July 14, 2021
Crowds looted shops and offices in South Africa on Wednesday, defying government calls to end a week of violence that has killed more than 70 people and wrecked hundreds of businesses.
The unrest, the worst in South Africa for years, also disrupted hospitals struggling to cope with a third wave of COVID-19 and forced the closure of a refinery.
Protests triggered by the jailing of ex-president Jacob Zuma for failing to appear at a corruption inquiry last week have widened into looting and an outpouring of general anger over the hardship and inequality that persist 27 years after the end of apartheid.
Shopping malls and warehouses have been ransacked or set ablaze in several cities, mostly in Zuma’s home in KwaZulu-Natal province, and the financial and economic center Johannesburg and surrounding Gauteng province.
Overnight it spread to two other provinces – Mpumalanga, just east of Gauteng, and Northern Cape, police said.
A Reuters photographer saw several shops being looted in the town of Hammersdale, Kwazulu-Natal, on Wednesday. Local TV stations meanwhile showed more looting of shops in South Africa’s largest township Soweto, and in the Indian Ocean port city of Durban.
Soldiers have been sent onto the streets to help outnumbered police contain the unrest and order was being restored in some places on Wednesday, such as the northern Johannesburg township of Alexandra, local TV reported.
The National Hospital Network (NHN), representing 241 public hospitals already under strain from Africa’s worst COVID-19 epidemic, said it was running out of oxygen and drugs, most of which are imported through Durban, as well as food.
“The impact of the looting and destruction is having dire consequences on hospitals,” the NHN said. “And the epicenter of the pandemic is within the affected provinces currently under siege.”
Staff in affected areas were unable to get to work, it said, worsening shortages caused by a third wave of infections.
As authorities in Durban seemed powerless to stop looting, vigilantes armed with guns, many of them from South Africa’s white minority, blocked off streets to prevent further looting, Reuters TV footage showed. One man shouted “go home and protect your homes.”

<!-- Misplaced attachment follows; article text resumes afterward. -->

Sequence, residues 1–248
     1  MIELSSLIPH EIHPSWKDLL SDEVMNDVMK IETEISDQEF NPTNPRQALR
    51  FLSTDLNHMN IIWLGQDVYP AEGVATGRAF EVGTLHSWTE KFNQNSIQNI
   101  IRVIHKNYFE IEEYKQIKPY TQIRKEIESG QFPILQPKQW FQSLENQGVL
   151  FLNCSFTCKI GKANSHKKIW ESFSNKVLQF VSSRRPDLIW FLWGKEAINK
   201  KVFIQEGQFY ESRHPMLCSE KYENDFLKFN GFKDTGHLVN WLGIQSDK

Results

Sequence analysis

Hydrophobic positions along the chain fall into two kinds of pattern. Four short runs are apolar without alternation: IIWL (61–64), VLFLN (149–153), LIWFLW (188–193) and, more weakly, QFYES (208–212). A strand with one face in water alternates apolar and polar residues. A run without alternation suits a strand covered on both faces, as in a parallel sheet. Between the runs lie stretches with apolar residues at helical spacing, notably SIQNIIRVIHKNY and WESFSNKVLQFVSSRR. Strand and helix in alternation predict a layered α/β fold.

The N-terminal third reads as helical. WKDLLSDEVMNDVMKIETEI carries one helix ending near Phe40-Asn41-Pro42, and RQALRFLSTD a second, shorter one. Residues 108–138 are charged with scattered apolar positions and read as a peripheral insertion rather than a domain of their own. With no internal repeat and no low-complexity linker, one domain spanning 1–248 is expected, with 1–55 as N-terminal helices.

Other residents gathered outside supermarkets waiting for them to open so they could stock up on essentials.
The poverty and inequality fueling the unrest has been compounded by severe social and economic restrictions aimed at curbing COVID-19. The United Nations in South Africa expressed concern that disruptions to transport for workers from the riots would exacerbate joblessness, poverty and inequality.
South Africa’s largest refinery SAPREF in Durban has been temporarily shut down, an industry official said on Wednesday.
The rand hovered around three-month lows in early trade on Wednesday, a retreat for what had been one of the best performing emerging market currencies during the pandemic. Government bonds were slightly weaker.
The mayor of Ethekwini, the municipality that includes Durban, estimated that 15 billion rand ($1.09 billion) had been lost in damage to property and another billion in loss of stock.
Some 40,000 businesses had been hit by the unrest, he said.
“A large portion of these may never recover,” he told reporters on Wednesday, which put almost 130,000 jobs at risk.
Zuma, 79, was sentenced last month for defying a court order to give evidence at an inquiry investigating high-level looting during his nine years in office until 2018.
He also faces trial in a separate case on charges including corruption, fraud, racketeering and money laundering. The former president pleaded not guilty in court in May. His foundation said on Tuesday that violence would continue until his release.
The national prosecuting authority has said it will punish those caught looting or destroying property, a threat that so far has done little to deter them. Security forces say they have arrested more than 1,200 people.
Though triggered by Zuma’s jailing, the unrest reflects growing frustration at failures by the ruling African National Congress to address inequality decades after the end of white minority rule in 1994 ushered in democracy.
Roughly half the population lives below the poverty line, according to the latest government figures from 2015, and growing joblessness since the pandemic has left many desperate. Unemployment stood at a new record high of 32.6 per cent in the first three months of 2021.